Stuff that occurs to me

All of my 'how to' posts are tagged here. The most popular posts are about blocking and private accounts on Twitter, also the science communication jobs list. None of the science or medical information I might post to this blog should be taken as medical advice (I'm not medically trained).

Think of this blog as a sort of nursery for my half-baked ideas hence 'stuff that occurs to me'.

Contact: @JoBrodie Email: jo DOT brodie AT gmail DOT com

Science in London: The 2018/19 scientific society talks in London blog post

Monday, 6 October 2014

If you give talks with slides you must do this one thing - because I have commanded it :) Please make your links friendly

by @JoBrodie,

1. Shorten links in presentation slides because...

Most normal-length web addresses are quite fiddly to write down at speed. If your talk includes a link to a website or an online document please make it easy for your audience to make a note of it within the minute and a half you have your slide visible on-screen.

Eg... the one with the green tick is easier to scribble down than the one with the red cross next to it.

Please shorten links if you want people to note them down

If your presentation has lots of links then first create a page on your website or blog (if you don't have one there are other free suggestions below). Add all your links there, then shorten the address of that page and put that shortened link in your presentation. Your audience cannot help but be kindly disposed to you :)

You can also have that shortened link running over several slides making it easier for your audience (in fact why not say "this link will appear on several pages so if you haven't written it down don't worry").

Links in handouts / documents
If you're giving people a handout with lots of links then to save them typing each one individually a 'master' link can help here. As above, add all the links to a page and then share the link to that page. There's no need to replace the other links, people will like to see all the options and then know that they don't have to type them all in. A single link is a useful addition here, rather than a replacement as in slides.

You can also use link shortening for any individual link in your document, particularly those that are long or stretch over one line. In documents that are emailed the link may well 'work' but part of it might be cut off so the person is being sent to the wrong place. Not everyone knows to copy and paste and 'reattach' the broken address so it's helpful to pre-empt this by shortening the link first.

Getting more information from the link you've created
If you use to shorten your links then you can see how often it's been clicked on (or typed in) - this means that you can get an overview of traffic to that page - but only the traffic that has come via your shortened link. You'll get no information about other routes in to the page.

2. Shorten links like a pro
Customise* your link.
Always customise. Ironically short gibberish links are probably worse than long ones that are comprehensible. In the example above I shortened it to 'URLette' (small URL) but the default one would have been a meaningless string of numbers and letters. Certainly quicker to write down, but not necessarily easier - use actual words if possible.

And for advanced users...

Go meta - one link to rule them all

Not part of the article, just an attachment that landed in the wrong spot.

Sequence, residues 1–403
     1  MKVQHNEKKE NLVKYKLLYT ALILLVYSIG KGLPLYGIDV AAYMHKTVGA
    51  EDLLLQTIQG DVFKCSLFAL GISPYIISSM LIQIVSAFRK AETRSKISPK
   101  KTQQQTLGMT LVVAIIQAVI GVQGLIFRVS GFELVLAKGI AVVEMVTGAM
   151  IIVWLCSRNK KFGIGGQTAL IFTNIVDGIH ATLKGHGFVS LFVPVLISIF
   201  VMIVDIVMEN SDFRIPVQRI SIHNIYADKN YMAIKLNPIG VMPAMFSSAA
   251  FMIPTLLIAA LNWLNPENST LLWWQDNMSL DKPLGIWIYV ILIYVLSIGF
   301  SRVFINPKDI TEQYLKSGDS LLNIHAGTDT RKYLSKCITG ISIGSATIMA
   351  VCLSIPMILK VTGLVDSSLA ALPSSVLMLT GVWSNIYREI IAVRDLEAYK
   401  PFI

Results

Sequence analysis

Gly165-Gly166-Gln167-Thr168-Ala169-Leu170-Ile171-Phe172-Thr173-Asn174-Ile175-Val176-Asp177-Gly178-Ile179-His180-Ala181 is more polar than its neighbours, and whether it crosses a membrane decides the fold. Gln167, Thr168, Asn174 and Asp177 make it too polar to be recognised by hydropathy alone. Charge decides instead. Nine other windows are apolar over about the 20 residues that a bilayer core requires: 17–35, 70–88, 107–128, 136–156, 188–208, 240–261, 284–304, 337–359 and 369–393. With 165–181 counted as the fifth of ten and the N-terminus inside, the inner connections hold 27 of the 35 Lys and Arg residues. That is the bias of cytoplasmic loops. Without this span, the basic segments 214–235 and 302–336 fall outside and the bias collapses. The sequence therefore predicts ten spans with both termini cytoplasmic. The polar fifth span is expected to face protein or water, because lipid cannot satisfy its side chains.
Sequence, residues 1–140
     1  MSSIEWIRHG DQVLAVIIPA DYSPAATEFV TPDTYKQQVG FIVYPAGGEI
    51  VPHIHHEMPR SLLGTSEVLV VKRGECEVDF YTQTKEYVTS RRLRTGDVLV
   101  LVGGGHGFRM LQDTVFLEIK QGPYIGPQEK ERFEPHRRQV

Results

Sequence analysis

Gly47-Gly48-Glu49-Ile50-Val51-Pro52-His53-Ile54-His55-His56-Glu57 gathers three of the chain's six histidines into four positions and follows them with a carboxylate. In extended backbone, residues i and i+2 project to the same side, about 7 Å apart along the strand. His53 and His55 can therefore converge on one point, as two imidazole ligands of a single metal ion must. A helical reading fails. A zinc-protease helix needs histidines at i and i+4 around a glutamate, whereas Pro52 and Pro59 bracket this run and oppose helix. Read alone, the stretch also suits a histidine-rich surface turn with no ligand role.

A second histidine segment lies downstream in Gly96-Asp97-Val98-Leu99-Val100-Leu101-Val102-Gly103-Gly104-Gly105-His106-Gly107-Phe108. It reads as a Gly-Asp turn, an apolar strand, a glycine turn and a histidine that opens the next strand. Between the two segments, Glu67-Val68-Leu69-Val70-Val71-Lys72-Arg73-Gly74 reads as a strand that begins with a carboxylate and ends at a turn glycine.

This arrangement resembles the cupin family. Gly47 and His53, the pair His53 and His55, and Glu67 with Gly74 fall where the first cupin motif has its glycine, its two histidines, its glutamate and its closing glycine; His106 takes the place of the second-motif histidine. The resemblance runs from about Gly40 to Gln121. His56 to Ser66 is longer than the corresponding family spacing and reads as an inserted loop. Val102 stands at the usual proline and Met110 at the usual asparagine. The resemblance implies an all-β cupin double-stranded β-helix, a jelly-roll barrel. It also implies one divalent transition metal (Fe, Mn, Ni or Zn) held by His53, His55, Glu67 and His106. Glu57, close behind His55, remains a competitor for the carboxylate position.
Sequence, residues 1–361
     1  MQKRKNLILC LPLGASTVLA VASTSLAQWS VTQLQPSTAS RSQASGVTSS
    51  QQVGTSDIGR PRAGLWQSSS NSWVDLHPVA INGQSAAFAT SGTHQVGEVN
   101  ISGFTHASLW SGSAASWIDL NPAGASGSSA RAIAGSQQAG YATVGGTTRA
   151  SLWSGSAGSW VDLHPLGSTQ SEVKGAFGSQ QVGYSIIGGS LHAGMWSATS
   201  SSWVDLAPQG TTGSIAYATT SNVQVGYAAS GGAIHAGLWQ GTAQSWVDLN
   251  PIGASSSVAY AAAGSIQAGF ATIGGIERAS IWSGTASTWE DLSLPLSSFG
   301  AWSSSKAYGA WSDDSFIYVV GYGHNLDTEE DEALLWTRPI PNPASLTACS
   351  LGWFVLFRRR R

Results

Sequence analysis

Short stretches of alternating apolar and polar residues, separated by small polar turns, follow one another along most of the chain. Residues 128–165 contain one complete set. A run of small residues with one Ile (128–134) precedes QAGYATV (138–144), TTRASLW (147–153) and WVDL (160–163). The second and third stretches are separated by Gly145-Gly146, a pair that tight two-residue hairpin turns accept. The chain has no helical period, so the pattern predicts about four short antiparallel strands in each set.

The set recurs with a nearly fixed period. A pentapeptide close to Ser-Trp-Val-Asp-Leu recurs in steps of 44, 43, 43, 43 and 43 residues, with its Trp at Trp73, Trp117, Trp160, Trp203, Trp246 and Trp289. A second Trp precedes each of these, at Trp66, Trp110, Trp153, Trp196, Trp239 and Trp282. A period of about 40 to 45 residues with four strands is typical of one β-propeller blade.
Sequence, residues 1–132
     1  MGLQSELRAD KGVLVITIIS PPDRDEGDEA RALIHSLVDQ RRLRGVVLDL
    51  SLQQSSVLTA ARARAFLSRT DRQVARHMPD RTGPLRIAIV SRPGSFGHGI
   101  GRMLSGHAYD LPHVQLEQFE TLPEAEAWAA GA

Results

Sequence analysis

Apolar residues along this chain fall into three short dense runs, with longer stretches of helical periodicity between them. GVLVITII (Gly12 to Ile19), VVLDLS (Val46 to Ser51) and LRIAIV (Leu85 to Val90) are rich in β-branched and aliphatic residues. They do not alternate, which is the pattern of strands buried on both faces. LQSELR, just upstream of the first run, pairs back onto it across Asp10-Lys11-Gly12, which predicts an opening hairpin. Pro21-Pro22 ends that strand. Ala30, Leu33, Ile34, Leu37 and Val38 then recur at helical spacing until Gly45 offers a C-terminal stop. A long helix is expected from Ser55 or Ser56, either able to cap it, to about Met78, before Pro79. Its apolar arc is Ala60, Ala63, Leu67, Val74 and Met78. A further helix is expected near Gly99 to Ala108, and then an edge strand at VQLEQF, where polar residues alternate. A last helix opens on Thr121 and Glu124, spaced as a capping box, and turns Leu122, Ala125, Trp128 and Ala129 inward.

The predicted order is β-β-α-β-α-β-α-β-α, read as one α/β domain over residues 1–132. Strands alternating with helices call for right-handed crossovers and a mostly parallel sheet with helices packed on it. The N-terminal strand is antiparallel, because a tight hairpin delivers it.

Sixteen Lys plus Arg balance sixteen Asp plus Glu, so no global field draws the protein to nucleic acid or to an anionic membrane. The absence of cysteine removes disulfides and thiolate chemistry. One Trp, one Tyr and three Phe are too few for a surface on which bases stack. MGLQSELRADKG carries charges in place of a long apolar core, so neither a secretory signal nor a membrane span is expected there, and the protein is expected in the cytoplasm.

Share one link which takes people to a page where they can find all of your mentioned links
Take your list of links, add them to a page. Take the address of the page and shorten / share that.

When sharing this single link on your slides make sure you shorten it and customise it so that it's easy for your audience to clock it quickly and write it down during the talk. It's also helpful to highlight verbally what you've done and why because there will be others in the audience who might be at future risk of giving lectures with unnecessarily long links. Teach them :)

By convention links are blue and underlined but since your audience can't click on them you are not restricted and can display them as you please. You probably don't need to include the http:// bit but it can be quite useful in directing the eye to something that looks like a link, and for the same reason blue isn't a bad idea either.

I and your future audiences thank you for this consideration.

Further reading
How I prepare presentations for giving talks (18 October 2014)

3. How to shorten your links

Go to any link shortener page, put your long link in and press 'shorten' (or equivalent) to get a smaller one. Take advantage of any customisable options as appropriate. On some (eg Bitly) you can sign in with Twitter. (customisable (look for "Further options/custom URL") but no QR** codes) (customisable, QR codes) (customisation, new QR codes no longer possible, log in optional) - Google (QR codes - add .qr to your generated link to get stats, but no customisation) (customisable, no QR codes)

reminded me that bitly links actually let you see the statistics relating to how often your link was viewed.

**QR codes - let people 'scan' your link from printed material 
If you're going to put a link on printed material and want to save people typing things then use a QR code ('Quick Response') to let them use their phones' camera to go to the site without having to type anything in. If your URL shortener doesn't come with 'native' QR codes you can create them with other free services, such as

^For people who don't have a blog, some suggestions
 There are numerous sites which let you publish a one-off page. That'll give you a link that you can then shorten / customise and share as before.

Examples include (formerly Cloudpage)
Storify's not bad either

If you know of other examples tell me and I'll add 'em.

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